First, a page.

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course, the Houston Astros. And what's going on with not only the Astros but the Boston Red Sox and the New York Mets? The cheating scandal, the technology scandal with teams using devices using technology to steal signs and get a leg up on the competition? I mean, obviously we've talked about this before, and you've heard about it certainly for the last week or two. The fact that stealing signs is nothing new. It's been going on in baseball forever, and I'm actually a proponent of trying to get the upper hand and steal a sign if if it's done in an ethical way. And that's funny because you say, How can I steal in an ethical way? Well, if you're just watching a picture and you're just trying to pick out what he does and you're trying to pinpoint a little thing that he does, maybe before he throws a fastball and you're gonna use that to your advantage, that's great, because that is something that's going on in baseball for 100 years, and that's part of the game. If you ask me, that's my opinion, and we're gonna touch on that a little bit. We're also going to get into what should a broadcaster do If that broadcaster is privy to the information? What if the broadcaster knows what's going on? Maybe the players tell them, should they give that away on the air? That's something we're gonna talk about as well today and then later in the programme, we're going to delve into our question and answer period. Willer will answer a couple of your emails that came in this week. Keep them coming at Sportscasters Club at gmail dot com. Or you can send an email to questions at sportscasters club dot com So refers gonna talk quickly about this this scandal, this technology sign stealing. Then we're gonna talk about how it pertains to a sportscaster. So maybe that alarm you with a little bit more information if you are going to, um But if you're gonna find yourself in a situation like that and have to decide ethically, what do you do? So those are the two things were gonna touch on today, and we're going to start in just a minute. All right? So as I mentioned when I laid out at the beginning of this radio show the scandal involving the cheating, the signs dealing with the Houston Astros and a j hinge on their general manager getting axed. And then you have It's spreading to Alex Cora with the Red Sox because he was a coach with the Astros at the time a few years ago when this sign stealing was happening and then Cora gets can I was shocked that Carlos Beltran eventually got fired by the Mets, and I think it really comes down to something changed this week, and I think the New York Mets found out maybe something that that Beltran was involved in, that maybe he did not die Volt to them initially. And perhaps that's why they decided to move in another direction. I think Beltran actually handled it the right way. You know, so many times is your athletes trying, tow, cover up or make excuses? He didn't do that. He admitted he was wrong. He admitted he cheated and that's how he decided to handle it. I think that was the right way. But it's a scandal that has really blown up on Major league Baseball and mark my words, they have not heard the end of it because if it's gone on with the Astros, it's going on with these people. The small amount of people that you've heard, some of the players and coaches, it's going on in many other places, very similar to the steroid scandal that we had back in the nineties, It wasn't just Mark McGwire, Sammy Sosa, Raphael Palmeiro, Roger Clemens, a Rod. It wasn't just those players. There were a lot of players that were involved in these steroid scandals. Many of the names eventually did come out, and I'm sure and positive that many of the names we've never heard and they were able to skate through. So when we're talking about this scandal here, teams cheating, using using technology to cheat and get the upper hand. Sometimes as a broadcaster, you become aware of things. Players share things with you. You over hear them talking about things that they do, things that go on. How should you handle it? Should you give out those secrets and divulge those secrets on the air? Well, the only way I can really relate to it is what we did back in the nineties, back when I was broadcasting in professional baseball. And I think there's a really good analogy because we would get all kinds of people traveling in tow work with the team, whether it be roving instructors, media people, team personnel players and just over the course of a season, day in and day out, you're hanging out with the team. At the time, I was a broadcaster, the same ages, the players and so I would hear things and players would tell me what was going on, and players and team personnel they knew steroids were a big issue. And this is before the McGuire Sosa 98 season. This was before that. There was a lot of talk in the mid nineties before the P e d and steroid issue became big in the later nineties. And so we knew things and we heard a lot about what's going on as a broadcaster. How did I handle it? Did I go on the air and talk about these things? Should I have? Should I not have in just a minute? I'll tell you how I handled it. We've talked about the scandal. How did I handle it as a broadcaster? Well, it's very, very simple. And I learned this from Marty Glickman Back back in my days at WFUV Radio at Fordham University. Marty was one of the pioneering sportscasters, and we would meet with him every weekend and critique our broadcast, but also talk about how to become better, how to progress as a sportscaster. And Marty always used to tell us if it happens on the field, if it's part of the game that it should be reported because if you're broadcasting a game on radio. Your listener needs to be informed on everything you see. Your job is to paint that word picture and put that listener right next to you as if he or she is right there at the game. So if it happens during the game, yes, you should report it. And there were things that happened during games that that I reported. If they happened on the field and sometimes teams got upset, for example, there was one night while I was calling games in minor league baseball, where there was a brawl between two teammates in the bullpen. And so I reported it, and we did play by play of it pretty much because you could see what was going on. And then we found out later that night and the next day the details behind it. And did we report that too? Well, I'll talk about that on an upcoming episode. Yes, we did, because it tied into what happened on the field. But in this case, if things were happening off the field, then 99% of the time, probably 100% of the time, I would say absolutely not if you hear things on the bus, then? No, it should not be reported. If you hear players talking about something in the clubhouse, no way. If you're out having a ah cold one after the game and one of the players tells you something that's really juicy and would be something your fans would be interested in. Shocked to learn? Absolutely not. Not something that should make a broadcast. Not because you're covering for a player, but because it's it's not pertinent to what's going on on the field if it has. If it happens on the field, yes, you should report it now. Not that these things can't color your color, your your background and your information to give you some more information to better report on what you're seeing on the field, for example, I had an instance where players told me the signals that they use so sometimes I knew the pitch or the play that was coming before it happened. That only made me a better broadcaster in sharing that with my fans and my listeners, but I would never divulge that during the game. Similarly, when I was broadcasting in the mid nineties and we heard these things about PDS and steroids? Absolutely not. We didn't talk about it. Not that we were afraid. Not that we were covering for anyone, but because it did not have anything to do with the nuts and bolts off what was going on on the field. If your play by play person you're painting the word picture, you're describing the action. If your color analyst, you're filling in the gaps, telling why or how something happened and keep it on the field. Because that way you're always gonna be safe if it happens on the field. Fair game, if it happens off the field at night, in the dugout, the clubhouse or some of these things that you hear. So if I were a play by play broadcaster and you can guarantee that across major league baseball players know about the cheating scandal, players knew it was going on front office. People knew it was going on. General managers, scouts, agents, broadcasters, they all knew. I'm not saying everyone knew all the details, but they heard rumblings and they didn't report it, and nor do I think it was their job to report it. If they were play by play broadcasters. Now, if you're a talk show host and you're not traveling with a team every single day, that's another story. That's another story, another thing to think about. I certainly don't believe in giving away secrets in any in any realm, whether it's a talk show or or a play by play or a studio show. I believe you always should should report to your listeners and your viewers what you would report face to face to a subject. So you never want to say anything you wouldn't say directly to someone's face and usually staying away from here saying Innuendo is your best bet because you want to have the best factual information for your listeners or your viewers. So hopefully that clears up that issue what a broadcaster should do. And when we come back, we're going to get into your questions. Are answers all right, this question comes in. Our first question of the day comes in from Dave in Rochester, New York A quick question that he had. He e mailed it in and it said, What's the most difficult sport to broadcast? And honestly, that's gonna be the topic of an upcoming episode because you could spend an hour talking about this, probably more, and it really comes down to it's It's a subjective thing. That answer depends on the broadcaster. I always found basketball to be easy because it's fast paced. You're just describing and you're just describing nonstop and it was pretty fast paced. The ball was in play the majority of the time, but I also love baseball, provided I was prepared because if I had all the information I needed, it was a much more relaxed pace. Ah, more fun pace. That was the sport that I enjoyed broadcasting the most. I found hockey to be the most challenging number one because I didn't do it as much as I did basketball or football or baseball number two. I didn't grow up steeped in that game as I did with the others, specifically baseball, and I think that had a lot to do with it. Just the more you do it, the easier it becomes. So form a hockey was the most difficult for some. Football is the most difficult because you know the cadence, you've got 30 seconds of downtime and then you've got a lot of action in a quick play, and then you've got to set up the next place. So I think it's subjective. But for me, the most difficult sport to broadcast was hockey. Plus, the guy's had helmets on. Sometimes they were tough to identify, especially at the college level, where maybe some of the you don't know these players. It's not the They're not professionals that you see a lot. So that's my answer on that question. Question. Number two cynic in Los Angeles, California Sunny. Thanks for joining us on the Sportscasters Club radio show. And her question was, Cannot become a broadcaster. If I'm not a good athlete, well, I'll tell you what's unique. If the answer was no to that, then probably 90% of broadcasters would be gone. And that's really the truth, because a lot of specifically play by play broadcasters get into it because they kind of peak as an athlete. They kind of their kind of capped at what they can do is an athlete. And you hear so many play by play broadcasters who get into the field because they realize they weren't gonna play second base for the New York Yankees. And so they wanted to find a way to stay involved and be part of the sports that they love and be part of the games in the action. So, yes, you can certainly become a broadcaster if you're not a good athlete. Some of the best broadcasters we have today, I'm sure, are not good athletes. I can't name names, nor would I, because some of them probably are decent athlete. But you don't have to be absolutely. If you're a color analyst, it definitely helps if you have a background in the sport that you're analyzing and definitely at the big time levels, the network levels. Um being a former player is really a prerequisite because you have experience and things you can talk about as a former player that others cannot. But even at lower levels high school college, you could be an outstanding color analyst. In my opinion, even if you are not a former player, provided you do your homework, you talk to people, you learn. You steep yourself in the history and you'll understand the game, this strategy, the tactics. You can be a a solid broadcaster there, too, So can you become a broadcaster if you're not a good athlete. Absolutely, yes. And that's the best part about it. So hope the answer's helped on those two questions from Dave and Sneak. Thank you very much for e mailing in. And if you have a question, the email addresses questions at sportscasters club dot com. So that wraps up this episode of The Sportscasters Club radio show. I thank you for tuning in, and just to recap we talked about as a broadcaster, if they're scandal, if there are things you learn about, we talked about when you should, and when you shouldn't divulge that information on the air, it's very important because it's happening right now and again. Mark my word. There's gonna be more to come out. It wasn't just this handful of people that you hear about with Houston Astros. If it was going on there, it was going on elsewhere. And if these few people knew about it, many more knew about it. And I think over the next weeks and months we're going to hear much more coming out, just as we did with the steroid NPD scandal back in the nineties. So thanks for tuning in just one last note. Before I let you go here on the Sportscasters radio show, I want to make sure you know about the Barrett Sports Media Summit, which is coming up February 26th and 27th in New York City. If you're not familiar with Barrett sports media, check him out for the best sports media, information, news and notes. Great interviews. His podcast is fantastic, and he's really got his hands on the pulse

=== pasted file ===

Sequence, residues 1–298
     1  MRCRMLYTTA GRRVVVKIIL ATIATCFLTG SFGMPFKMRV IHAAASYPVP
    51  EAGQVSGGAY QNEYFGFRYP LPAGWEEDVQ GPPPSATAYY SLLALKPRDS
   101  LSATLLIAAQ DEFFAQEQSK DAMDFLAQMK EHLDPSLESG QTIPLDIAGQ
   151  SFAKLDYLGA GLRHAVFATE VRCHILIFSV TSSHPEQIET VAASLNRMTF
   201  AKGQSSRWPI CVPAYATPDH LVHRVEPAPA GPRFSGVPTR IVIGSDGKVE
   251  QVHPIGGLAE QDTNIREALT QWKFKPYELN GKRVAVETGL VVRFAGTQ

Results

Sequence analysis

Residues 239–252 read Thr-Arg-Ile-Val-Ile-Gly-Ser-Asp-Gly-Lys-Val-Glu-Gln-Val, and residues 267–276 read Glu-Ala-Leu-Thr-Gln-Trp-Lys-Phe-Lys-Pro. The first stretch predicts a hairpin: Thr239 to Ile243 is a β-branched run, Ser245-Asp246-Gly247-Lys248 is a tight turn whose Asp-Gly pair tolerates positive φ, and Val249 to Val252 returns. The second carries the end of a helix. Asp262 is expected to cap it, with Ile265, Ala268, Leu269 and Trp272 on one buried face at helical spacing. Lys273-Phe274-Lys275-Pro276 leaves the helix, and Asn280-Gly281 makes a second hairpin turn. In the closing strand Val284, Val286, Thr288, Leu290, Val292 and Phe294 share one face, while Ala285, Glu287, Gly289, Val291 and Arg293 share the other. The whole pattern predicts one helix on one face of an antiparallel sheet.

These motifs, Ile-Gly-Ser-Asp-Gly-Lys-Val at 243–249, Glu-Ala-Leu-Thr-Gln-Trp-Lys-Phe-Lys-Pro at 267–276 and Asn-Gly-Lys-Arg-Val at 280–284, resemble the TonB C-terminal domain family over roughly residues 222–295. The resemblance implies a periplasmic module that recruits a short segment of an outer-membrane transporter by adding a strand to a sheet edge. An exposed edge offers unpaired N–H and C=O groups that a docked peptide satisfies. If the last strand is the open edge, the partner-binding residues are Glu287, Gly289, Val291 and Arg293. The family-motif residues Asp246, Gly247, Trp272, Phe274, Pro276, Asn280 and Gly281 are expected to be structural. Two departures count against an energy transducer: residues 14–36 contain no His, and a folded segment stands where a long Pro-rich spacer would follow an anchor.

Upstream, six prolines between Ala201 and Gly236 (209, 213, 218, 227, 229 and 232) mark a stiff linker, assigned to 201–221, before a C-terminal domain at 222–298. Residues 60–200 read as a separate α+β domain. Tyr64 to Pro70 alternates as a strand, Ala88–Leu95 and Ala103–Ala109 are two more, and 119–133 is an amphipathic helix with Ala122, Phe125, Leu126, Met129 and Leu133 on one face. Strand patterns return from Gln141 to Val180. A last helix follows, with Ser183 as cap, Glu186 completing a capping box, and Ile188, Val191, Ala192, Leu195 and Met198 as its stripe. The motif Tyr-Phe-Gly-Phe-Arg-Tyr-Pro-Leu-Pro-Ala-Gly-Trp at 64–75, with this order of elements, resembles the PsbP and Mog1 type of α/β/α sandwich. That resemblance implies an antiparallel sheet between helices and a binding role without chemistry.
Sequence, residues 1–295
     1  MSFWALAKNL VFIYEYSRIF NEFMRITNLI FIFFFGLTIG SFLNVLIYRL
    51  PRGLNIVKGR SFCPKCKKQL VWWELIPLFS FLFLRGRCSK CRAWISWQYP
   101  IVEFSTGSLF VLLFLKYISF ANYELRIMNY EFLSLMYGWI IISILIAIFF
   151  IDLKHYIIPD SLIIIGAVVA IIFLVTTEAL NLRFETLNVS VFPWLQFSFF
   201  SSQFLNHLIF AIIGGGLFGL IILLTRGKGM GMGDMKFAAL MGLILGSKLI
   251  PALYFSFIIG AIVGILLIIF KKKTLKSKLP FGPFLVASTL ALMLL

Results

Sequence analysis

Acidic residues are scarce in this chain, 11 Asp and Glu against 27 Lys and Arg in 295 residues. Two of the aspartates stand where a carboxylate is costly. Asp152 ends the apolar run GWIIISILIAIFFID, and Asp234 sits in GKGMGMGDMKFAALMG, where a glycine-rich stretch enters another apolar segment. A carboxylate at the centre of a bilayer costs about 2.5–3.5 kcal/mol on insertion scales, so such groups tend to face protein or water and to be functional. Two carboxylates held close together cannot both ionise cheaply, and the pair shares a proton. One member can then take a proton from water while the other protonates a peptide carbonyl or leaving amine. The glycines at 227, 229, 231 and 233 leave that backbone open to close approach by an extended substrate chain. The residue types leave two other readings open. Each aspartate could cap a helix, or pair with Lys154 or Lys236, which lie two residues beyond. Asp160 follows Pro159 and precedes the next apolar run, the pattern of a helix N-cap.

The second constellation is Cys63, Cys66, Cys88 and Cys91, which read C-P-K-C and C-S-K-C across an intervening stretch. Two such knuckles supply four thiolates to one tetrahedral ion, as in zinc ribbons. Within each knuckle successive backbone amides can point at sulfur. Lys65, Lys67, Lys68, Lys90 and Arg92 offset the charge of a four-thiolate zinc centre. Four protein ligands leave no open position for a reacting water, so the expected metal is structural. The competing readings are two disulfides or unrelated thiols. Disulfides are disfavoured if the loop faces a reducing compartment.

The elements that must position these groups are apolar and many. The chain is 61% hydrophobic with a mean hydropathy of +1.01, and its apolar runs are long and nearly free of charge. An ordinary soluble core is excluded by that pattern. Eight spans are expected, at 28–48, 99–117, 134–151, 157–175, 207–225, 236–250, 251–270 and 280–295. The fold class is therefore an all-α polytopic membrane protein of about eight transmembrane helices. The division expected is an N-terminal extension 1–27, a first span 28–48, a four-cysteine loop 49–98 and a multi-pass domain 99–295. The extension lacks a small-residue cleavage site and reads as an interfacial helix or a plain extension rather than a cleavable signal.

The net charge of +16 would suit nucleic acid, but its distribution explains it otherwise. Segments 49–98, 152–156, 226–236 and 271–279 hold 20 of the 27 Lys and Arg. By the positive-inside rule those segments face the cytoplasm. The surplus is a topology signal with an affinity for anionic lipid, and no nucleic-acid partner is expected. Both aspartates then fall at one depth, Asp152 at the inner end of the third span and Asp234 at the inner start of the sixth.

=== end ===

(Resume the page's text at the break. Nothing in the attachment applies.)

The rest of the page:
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of the United States with sports talk radio and what's going

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on on. He does a great summit. This year's summit is in New York City, February 26 27. Check out B s m summit dot com

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for the Barrett Sports Media Summit. You will not be disappointed if you attend this event. It'll really be awesome. Great way to network and boost your career, so I hope you can join it. I'm Rick shows. This is the Sportscasters Club radio showed Thanks for joining us, and we'll see you next time. Thanks for listening to The Sportscasters Club radio show at sportscasters club dot com. Don't forget to subscribe, so you will never miss an episode. And thanks for liking sharing, boasting reviews and spreading the word